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Old 03-12-2017, 08:15 AM
longyard longyard is offline
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Default Maserati A6GCS: Panel Seams in Detail

Seen at the Stuttgart show was this 1954? Maserati A6GCS body undergoing restoration by Reklus, a company in Argentina. I tried to photograph all the body seams as well as some of the internal structure (tube frame). I think there's a lot of 'learning' here for someone who takes the time to consider the placement of each seam.

https://www.rekluscars.com/

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Old 03-12-2017, 11:42 AM
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Thanks for taking the time to post them. Ray
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Old 03-12-2017, 11:49 AM
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Thanks Bill
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Old 03-12-2017, 11:58 AM
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Great stuff, Bill. Lots better than pretty paint.....

Thanks for posting.
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Old 03-12-2017, 01:32 PM
crystallographic crystallographic is offline
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Thanks for the photo shares, Bill.

If anyone starts thinking this work is "standard" quality for Italian coach builders ("carrozzeria") -
No, I do not think it is, at all. This is rough work, bottom of the scale, in my experience.
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Old 03-13-2017, 06:51 AM
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I was thinking there must have been a lot of filler on that body.

What did they use as filler for alloy back then?.

Jim
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Old 03-14-2017, 02:38 AM
crystallographic crystallographic is offline
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Quote:
Originally Posted by ozi jim View Post
I was thinking there must have been a lot of filler on that body.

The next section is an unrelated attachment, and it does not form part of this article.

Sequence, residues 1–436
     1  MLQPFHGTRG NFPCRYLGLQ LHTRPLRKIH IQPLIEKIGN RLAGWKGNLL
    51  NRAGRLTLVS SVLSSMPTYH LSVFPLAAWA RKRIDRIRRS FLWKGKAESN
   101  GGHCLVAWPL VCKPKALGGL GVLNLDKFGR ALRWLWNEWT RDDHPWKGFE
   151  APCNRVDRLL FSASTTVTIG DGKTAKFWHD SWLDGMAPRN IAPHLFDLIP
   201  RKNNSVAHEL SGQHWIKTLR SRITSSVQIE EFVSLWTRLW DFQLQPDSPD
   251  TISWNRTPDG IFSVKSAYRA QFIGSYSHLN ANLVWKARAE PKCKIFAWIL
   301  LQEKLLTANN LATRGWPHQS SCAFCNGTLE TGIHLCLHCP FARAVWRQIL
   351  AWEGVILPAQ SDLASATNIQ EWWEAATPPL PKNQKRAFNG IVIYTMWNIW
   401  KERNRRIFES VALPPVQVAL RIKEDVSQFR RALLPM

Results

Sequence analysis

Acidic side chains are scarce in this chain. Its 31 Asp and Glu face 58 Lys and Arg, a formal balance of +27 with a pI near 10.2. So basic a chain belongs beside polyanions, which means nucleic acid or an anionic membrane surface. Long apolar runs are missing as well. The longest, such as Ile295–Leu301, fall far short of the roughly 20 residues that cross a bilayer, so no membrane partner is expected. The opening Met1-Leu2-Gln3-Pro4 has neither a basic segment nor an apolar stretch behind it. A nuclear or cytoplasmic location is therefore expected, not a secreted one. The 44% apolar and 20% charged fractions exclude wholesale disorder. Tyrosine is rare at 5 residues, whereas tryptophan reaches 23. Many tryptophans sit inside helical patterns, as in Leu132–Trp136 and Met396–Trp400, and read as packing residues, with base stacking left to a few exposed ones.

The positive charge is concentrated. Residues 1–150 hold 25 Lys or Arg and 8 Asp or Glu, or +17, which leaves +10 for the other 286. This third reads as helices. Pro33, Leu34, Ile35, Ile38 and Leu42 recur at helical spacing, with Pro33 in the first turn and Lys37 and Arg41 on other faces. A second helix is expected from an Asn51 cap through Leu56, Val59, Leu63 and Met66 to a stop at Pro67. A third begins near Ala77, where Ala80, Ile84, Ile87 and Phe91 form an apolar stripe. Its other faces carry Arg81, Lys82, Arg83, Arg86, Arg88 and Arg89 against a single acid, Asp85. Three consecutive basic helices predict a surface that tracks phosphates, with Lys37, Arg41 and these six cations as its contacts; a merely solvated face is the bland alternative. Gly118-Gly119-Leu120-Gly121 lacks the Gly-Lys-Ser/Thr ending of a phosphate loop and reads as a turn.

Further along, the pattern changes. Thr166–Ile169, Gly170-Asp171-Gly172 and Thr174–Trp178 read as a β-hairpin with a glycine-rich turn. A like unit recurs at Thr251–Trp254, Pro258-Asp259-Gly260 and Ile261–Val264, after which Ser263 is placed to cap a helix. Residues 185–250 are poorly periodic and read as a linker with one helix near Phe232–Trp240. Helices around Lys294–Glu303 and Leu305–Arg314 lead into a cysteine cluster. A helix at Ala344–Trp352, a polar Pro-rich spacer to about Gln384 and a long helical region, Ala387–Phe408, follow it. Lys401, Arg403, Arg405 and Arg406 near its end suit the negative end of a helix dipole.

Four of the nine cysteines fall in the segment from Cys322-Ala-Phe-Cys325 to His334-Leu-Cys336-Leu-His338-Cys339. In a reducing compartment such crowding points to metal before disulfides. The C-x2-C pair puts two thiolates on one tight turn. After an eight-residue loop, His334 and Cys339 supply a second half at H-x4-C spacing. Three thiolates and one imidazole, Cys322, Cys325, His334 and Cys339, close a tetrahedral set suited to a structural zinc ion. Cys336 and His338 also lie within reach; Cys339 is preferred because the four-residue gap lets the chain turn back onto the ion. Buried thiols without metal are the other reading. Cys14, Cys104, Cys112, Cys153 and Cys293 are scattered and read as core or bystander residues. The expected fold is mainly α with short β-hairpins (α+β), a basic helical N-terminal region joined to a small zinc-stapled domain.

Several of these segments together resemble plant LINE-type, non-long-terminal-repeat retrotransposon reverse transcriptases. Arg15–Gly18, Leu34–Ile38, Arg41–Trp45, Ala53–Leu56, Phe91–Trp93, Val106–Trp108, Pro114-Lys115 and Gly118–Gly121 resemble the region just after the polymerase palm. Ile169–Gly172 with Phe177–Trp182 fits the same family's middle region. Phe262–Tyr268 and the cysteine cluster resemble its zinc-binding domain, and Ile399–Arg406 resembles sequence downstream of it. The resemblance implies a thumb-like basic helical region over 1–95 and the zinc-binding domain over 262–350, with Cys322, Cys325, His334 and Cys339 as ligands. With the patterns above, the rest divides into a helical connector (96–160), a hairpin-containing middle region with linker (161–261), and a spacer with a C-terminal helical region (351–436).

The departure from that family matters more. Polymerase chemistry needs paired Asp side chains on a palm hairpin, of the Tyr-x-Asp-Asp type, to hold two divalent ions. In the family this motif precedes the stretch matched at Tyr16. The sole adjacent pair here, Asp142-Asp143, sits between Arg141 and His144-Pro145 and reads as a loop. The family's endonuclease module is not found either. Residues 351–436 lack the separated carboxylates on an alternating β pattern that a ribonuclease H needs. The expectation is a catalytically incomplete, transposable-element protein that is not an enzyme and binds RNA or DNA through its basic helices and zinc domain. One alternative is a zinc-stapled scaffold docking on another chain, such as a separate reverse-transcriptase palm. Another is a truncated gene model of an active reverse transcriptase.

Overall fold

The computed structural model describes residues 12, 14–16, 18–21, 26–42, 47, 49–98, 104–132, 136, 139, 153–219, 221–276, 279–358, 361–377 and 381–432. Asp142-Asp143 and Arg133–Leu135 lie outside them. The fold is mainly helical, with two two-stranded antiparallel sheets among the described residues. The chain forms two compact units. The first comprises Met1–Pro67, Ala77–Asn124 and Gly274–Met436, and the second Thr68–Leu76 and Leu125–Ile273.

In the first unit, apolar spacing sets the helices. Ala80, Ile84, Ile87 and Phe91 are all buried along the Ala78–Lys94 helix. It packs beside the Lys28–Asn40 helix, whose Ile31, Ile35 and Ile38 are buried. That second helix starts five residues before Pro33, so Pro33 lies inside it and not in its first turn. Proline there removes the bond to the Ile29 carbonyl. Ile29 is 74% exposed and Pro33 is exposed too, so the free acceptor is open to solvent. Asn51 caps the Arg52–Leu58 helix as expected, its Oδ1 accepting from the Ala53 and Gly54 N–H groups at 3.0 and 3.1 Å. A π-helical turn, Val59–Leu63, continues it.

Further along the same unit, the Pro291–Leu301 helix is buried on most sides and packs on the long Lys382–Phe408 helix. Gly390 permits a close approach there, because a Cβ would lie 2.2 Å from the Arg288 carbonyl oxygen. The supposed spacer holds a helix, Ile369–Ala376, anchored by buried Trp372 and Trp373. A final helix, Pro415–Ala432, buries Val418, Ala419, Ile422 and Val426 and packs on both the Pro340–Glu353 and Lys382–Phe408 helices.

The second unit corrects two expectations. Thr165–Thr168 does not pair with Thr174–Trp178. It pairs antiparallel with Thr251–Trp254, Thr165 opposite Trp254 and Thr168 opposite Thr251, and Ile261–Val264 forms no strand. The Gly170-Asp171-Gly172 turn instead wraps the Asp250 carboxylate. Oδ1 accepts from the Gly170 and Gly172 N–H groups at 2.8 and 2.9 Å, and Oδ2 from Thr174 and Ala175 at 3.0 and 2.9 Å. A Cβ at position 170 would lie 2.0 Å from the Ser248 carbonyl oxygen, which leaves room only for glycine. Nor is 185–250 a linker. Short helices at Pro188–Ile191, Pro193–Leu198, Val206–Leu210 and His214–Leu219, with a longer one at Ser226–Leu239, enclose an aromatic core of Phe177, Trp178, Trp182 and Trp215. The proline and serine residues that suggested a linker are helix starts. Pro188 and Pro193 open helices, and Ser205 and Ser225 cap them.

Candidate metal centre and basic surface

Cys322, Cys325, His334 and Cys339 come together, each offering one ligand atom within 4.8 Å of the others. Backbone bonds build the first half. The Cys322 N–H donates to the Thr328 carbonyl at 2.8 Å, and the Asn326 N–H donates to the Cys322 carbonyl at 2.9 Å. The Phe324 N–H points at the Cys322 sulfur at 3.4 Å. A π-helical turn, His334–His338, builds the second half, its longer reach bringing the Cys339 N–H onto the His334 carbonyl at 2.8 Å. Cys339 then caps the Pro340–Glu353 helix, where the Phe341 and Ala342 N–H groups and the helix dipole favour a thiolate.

What did they use as filler for alloy back then?.

Jim
I'm not aware of any specific trade name, but Rolls used something in the UK, and down in Italy something else was popular. Sort of like plaster or spackle, "pasta fazool," was what Italian metal guys called it.

And the rough work kept the suppliers in bidness.
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Old 03-14-2017, 08:29 AM
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Bill, I'm looking at the hood latches and can't figure out how they work. I don't especially like them, just confused.
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Old 03-14-2017, 09:46 AM
longyard longyard is offline
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Kerry,
Those are common on a lot of Italian cars from the 50s and early 60s. You see them on a lot of racing Ferraris. They have a spring underneath the part that attaches to the fender. You put a finger in the loop and pull up and rotate the loop to open, and do the same to close. The spring tension keeps it down.
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Old 03-14-2017, 11:38 AM
Peter Tommasini Peter Tommasini is offline
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Quote:
Originally Posted by crystallographic View Post
Thanks for the photo shares, Bill.

If anyone starts thinking this work is "standard" quality for Italian coach builders ("carrozzeria") -
No, I do not think it is, at all. This is rough work, bottom of the scale, in my experience.
I will second that ....... why? I worked at Ferrari and I can assure you they where not that rough
Peter

PS Ferrari and Maserati where built more or less the same way. Also note ......the welds are too close to the return, also all of the NON ORIGINAL WELDS where not beaten down......................
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